The 3-hydroxy-3-methylglutaryl coenzyme A (HMG-CoA) reductase inhibitors, collectively referred to as statins, have assumed the central role in the treatment of hypercholesterolemia because of their superior ability to reduce levels of low-density lipoprotein cholesterol (LDL).[3,4,7–11] Statins reduce the frequency of coronary heart disease by as much as 21–43%. They are effective in the primary and secondary prevention of coronary heart disease.[12]

In the United States, yearly sales of lipid-lowering drugs were estimated to be $16.5 billion in 2005, up from $7.0 billion in 2000. This massive growth in the use of statins in clinical practice has resulted from increased awareness about and the frequency of dyslipidemia and atherosclerotic vascular disease. In the United States, statin use has also increased because of stringent LDL guidelines established in the third report of the National Cholesterol Education Program Expert Panel on Detection, Evaluation, and Treatment of High Blood Cholesterol in Adults (ATP III).[13,14] The panel even recom-mended lowering the goal for LDL to less than 70 mg/dl for those at very high risk of coronary heart disease. Furthermore, statin treatment is considered lifelong for many patients.

Although statins are generally well tolerated, nearly 1.5% of subjects receiving statin treatment develop complications and require either dosage reduction and/or discontinuation of therapy.[15] Drug-induced muscle weakness, myalgia, myositis, and rhabdomyolysis with or without acute renal failure were observed with statin use.[16,17] The MedWatch reporting system of the U.S. Food and Drug Administration lists 3339 cases of statin-associated rhabdomyolysis reported between January 1, 1990, and March 31, 2002. The withdrawal of cerivastatin from the U.S. market in August 2001, after the drug was associated with approximately 100 rhabdomyolysis-related deaths, underscores this risk.[18] Less serious adverse effects, such as muscle pain and weakness, affect approximately 1–5% of patients.[16] Liver toxicity is another important cause of statin discontinuation.[12,19]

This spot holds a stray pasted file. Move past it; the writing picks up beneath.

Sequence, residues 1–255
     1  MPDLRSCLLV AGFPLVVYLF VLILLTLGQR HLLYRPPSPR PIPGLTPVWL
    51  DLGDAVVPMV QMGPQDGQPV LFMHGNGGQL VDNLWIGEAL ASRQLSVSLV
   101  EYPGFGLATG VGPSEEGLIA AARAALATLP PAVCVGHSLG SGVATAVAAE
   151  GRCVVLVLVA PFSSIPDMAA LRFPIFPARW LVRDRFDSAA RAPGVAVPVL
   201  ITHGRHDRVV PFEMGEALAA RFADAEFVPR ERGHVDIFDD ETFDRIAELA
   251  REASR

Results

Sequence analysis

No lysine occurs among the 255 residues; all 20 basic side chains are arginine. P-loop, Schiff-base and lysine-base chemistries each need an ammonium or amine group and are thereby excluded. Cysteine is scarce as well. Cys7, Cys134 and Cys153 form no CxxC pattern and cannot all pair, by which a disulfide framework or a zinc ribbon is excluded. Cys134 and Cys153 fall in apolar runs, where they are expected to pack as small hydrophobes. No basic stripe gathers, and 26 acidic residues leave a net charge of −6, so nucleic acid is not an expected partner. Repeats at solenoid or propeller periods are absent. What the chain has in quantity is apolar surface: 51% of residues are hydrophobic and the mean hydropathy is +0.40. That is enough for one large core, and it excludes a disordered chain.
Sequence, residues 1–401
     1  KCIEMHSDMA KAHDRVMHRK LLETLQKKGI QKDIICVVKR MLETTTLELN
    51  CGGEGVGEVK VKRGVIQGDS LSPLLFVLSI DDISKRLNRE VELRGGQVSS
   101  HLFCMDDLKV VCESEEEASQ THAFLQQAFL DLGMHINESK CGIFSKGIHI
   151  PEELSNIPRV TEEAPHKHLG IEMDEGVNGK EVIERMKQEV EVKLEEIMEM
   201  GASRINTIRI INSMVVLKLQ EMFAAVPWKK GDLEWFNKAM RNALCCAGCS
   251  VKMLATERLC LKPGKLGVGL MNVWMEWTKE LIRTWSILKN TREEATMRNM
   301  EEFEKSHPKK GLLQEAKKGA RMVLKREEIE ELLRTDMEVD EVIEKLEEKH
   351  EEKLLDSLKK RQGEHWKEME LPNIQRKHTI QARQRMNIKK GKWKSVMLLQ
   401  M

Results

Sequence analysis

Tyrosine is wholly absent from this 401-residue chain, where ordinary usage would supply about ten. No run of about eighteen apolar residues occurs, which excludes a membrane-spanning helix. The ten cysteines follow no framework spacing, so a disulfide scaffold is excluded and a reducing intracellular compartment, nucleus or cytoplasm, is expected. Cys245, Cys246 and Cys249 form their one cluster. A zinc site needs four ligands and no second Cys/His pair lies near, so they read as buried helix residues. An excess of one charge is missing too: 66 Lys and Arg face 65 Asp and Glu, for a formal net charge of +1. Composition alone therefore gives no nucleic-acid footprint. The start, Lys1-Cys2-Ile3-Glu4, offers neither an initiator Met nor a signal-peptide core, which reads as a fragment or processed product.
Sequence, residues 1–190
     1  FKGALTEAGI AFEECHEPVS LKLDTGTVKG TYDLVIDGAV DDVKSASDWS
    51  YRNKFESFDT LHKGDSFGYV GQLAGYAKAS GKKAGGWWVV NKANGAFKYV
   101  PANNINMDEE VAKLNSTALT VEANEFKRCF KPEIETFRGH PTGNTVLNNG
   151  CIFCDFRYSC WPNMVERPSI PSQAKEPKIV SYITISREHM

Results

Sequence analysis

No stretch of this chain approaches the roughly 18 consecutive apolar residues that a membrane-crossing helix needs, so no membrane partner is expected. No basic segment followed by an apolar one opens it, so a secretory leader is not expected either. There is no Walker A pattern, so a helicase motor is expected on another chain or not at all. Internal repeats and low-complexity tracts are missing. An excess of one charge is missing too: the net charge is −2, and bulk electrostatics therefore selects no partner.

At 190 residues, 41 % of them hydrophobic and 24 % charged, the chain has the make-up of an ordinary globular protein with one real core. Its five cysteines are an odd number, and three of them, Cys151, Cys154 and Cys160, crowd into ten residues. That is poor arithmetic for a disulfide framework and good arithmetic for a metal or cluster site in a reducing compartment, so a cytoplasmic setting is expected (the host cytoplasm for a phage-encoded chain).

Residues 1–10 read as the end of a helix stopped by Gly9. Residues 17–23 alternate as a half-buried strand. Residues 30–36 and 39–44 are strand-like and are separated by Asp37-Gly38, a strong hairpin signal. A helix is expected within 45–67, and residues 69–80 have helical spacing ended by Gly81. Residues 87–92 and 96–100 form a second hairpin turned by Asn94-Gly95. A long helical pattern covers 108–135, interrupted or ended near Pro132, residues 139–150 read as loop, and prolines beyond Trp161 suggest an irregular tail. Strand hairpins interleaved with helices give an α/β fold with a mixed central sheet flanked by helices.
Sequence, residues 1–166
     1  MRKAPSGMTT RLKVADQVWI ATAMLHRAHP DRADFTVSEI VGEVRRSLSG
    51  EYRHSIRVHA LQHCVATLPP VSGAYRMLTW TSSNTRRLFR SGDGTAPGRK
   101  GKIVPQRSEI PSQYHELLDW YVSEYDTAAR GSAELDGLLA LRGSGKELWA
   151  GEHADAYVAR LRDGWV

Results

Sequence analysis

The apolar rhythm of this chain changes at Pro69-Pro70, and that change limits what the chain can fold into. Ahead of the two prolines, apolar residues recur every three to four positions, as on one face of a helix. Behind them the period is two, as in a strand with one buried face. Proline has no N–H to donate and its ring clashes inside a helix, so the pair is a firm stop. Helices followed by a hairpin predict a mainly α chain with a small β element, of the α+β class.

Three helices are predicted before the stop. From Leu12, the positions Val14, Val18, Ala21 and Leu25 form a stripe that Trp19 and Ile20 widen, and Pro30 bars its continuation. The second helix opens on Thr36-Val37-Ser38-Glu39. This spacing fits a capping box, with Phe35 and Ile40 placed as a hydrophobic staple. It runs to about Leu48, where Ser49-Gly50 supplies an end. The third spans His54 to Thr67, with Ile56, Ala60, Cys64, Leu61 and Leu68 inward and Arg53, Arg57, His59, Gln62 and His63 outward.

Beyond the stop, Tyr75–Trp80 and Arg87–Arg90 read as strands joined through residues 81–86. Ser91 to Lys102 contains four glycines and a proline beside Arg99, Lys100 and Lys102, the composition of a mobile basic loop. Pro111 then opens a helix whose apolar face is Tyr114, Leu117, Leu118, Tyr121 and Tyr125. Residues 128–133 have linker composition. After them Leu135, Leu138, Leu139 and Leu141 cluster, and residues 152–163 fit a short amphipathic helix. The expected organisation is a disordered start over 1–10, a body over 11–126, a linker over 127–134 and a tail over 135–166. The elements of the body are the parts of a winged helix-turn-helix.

In addition to adverse drug reactions, the high cost of statins and their long-term use may negatively affect patient compliance. At 6–7 months after the drug was initially supplied, discontinuation rates for statins averaged 30% and were similar for all statins.[20] To our knowledge, no guidelines for discontinuing statin therapy are available, and discontinuation of statin treatment may not be without risk. Acute statin discontinuation may induce endothelial dysfunction and increase the risk of cardiovascular events.[21–26]